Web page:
When I mentioned to friends that I was going to Porto for the weekend a few of them said “Where?”, or even “Is that in Italy?”.  This surprising lack of knowledge made me realise that Portugal’s second city is still not firmly on the tourist map.  Unless, that is, you talk to the locals who say that tourism exploded in the city about 4 years ago.  My advice is to go soon before it gets even more popular.

I had a few ideas in my head about Porto.  I knew about Port (the fortified wine), I knew about the Douro valley and the river, and I had seen pictures of the iron bridge that makes the skyline, at first glance, reminiscent of Newcastle.  And that was all I knew.


Over the next four days I learned a lot more, and fell in love with the city.  The residents of Porto are loud and brash and, apparently, use swear words like commas when they talk.  But, despite this brashness, they are exceptionally friendly and happy.  They are fiercely proud of Porto and, should you mention anything about the city that is superior to Lisbon, they will be your best friend.

Staying in an Airbnb in the Vitoria district, close to the centre, I felt welcome.  Down our street (more of an alley) was a family run shop.  Grandma and granddaughter sitting outside chatting in the warm October evening.  Wanting basic provisions for the next morning, the young girl, using perfect English, helped us out and charged a ridiculously low price.  Tourists were still relatively rare in these side streets, probably deterred by the steep steps up from the city.


Things I didn’t know about Porto included the fact that it had beaches only half an hour away by tram or bus.  One of the beaches was used by surfers, riding the Atlantic rollers.  I felt glad to have hired a wet-suit for my attempt because the water is cold.

I also had no idea that “Porto” on the south side of river, isn’t Porto, but a completely separate city called Gaia.  Gaia is the home to all the Port producers.  Looking from Porto over the river to Gaia at night you will see the illuminated names of familiar, British sounding names like Taylors, Grahams, Dow, and Sandemans.  A tour, for about 12 Euros, of one of these producers is well worth the time.  We went to Taylor’s where the history and production processes are well described.  You get to tour the large cellars with stacks of sweet smelling oak barrels, and, after the tour, try the wine in a beautiful gardens overlooking the river.


Food is very important to the Portuguese and a tour of the old market didn’t disappoint – mountains of fresh vegetables, dried pulses and fresh fish.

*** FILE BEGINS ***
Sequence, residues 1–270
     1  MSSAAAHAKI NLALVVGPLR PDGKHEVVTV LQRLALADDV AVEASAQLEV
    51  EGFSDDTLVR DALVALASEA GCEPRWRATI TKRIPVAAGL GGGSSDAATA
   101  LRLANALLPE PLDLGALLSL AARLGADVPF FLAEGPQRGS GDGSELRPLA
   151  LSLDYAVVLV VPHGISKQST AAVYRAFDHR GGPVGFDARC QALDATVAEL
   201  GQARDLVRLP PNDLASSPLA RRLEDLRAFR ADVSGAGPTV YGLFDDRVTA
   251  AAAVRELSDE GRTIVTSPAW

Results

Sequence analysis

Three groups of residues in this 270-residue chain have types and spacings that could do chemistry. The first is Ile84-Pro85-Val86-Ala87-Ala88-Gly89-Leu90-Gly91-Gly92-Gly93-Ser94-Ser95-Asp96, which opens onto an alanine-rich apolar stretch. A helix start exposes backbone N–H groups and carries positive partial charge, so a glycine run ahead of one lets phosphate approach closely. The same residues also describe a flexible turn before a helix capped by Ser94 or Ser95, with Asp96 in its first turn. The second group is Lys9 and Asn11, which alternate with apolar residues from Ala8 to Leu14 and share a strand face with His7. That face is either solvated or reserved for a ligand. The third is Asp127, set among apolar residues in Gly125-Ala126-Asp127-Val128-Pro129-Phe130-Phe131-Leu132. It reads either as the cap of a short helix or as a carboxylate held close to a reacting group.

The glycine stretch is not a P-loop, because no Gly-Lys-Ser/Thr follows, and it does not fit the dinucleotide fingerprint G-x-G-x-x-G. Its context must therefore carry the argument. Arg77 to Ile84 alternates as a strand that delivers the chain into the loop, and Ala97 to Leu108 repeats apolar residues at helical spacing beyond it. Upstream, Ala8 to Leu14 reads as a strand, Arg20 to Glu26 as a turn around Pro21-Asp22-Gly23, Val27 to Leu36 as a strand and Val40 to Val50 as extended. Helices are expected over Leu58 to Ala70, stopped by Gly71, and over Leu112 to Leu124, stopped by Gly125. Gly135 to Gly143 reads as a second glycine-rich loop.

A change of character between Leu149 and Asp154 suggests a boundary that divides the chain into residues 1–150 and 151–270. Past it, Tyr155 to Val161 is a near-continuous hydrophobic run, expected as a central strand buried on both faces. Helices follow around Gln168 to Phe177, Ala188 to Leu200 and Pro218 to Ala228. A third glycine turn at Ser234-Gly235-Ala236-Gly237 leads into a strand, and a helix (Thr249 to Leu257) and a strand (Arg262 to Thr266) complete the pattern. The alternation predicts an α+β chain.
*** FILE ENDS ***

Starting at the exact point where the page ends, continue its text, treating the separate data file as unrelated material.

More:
And if you want “bad food” you can also get a 2,500 calorie sandwich called a Francesinha…lots and lots of meat and cheese and covered with a beer and  tomato sauce…  it’s an experience!


I spent an hour or so one evening trying to capture a long exposure of the famous bridge and the lights of the city at dusk.


The river valley fills up with sea mist overnight creating some spooky early morning photo opportunities as well.


Overall I think Porto is towards the top of my list of favourite places.  It is certainly a good choice for a weekend away.




Having already visited Yellowstone and Iceland in previous travels, this destination was the final piece in the geothermal collection.  Unlike the others, the bubbling hot pools can be found in the centre of town.  In the town’s park to be precise.

These are pretty unimpressive cordoned-off pits compared to the beauty that can be found a few miles out of town.  Within an hours drive there are a collection of very different thermal parks, each with their own character and features.

Some are brutal, sulphurous, other-worldly landscapes….

But my favourite was Waimangu Volcanic Valley.  It was, uniquely, created within recent historic times (1886), when an eruption left behind a succession of geothermal features along a beautiful valley.   Some features, like the worlds largest hot-water spring, Frying Pan Lake, were created as recently as 1917 in an eruption that buried a nearby tourist hotel.

The whole area is very important to the Maoris, who discovered the area and utilised the geothermal activity for cooking and for medicinal purposes.

We went to a Maori cultural centre to learn more about their history and traditions.

 We also had a hangi feast…with meat and vegetables cooked underground in a pit and covered in sacks and earth.  The lamb and chicken tasted so good…very tender due to the slow cooking.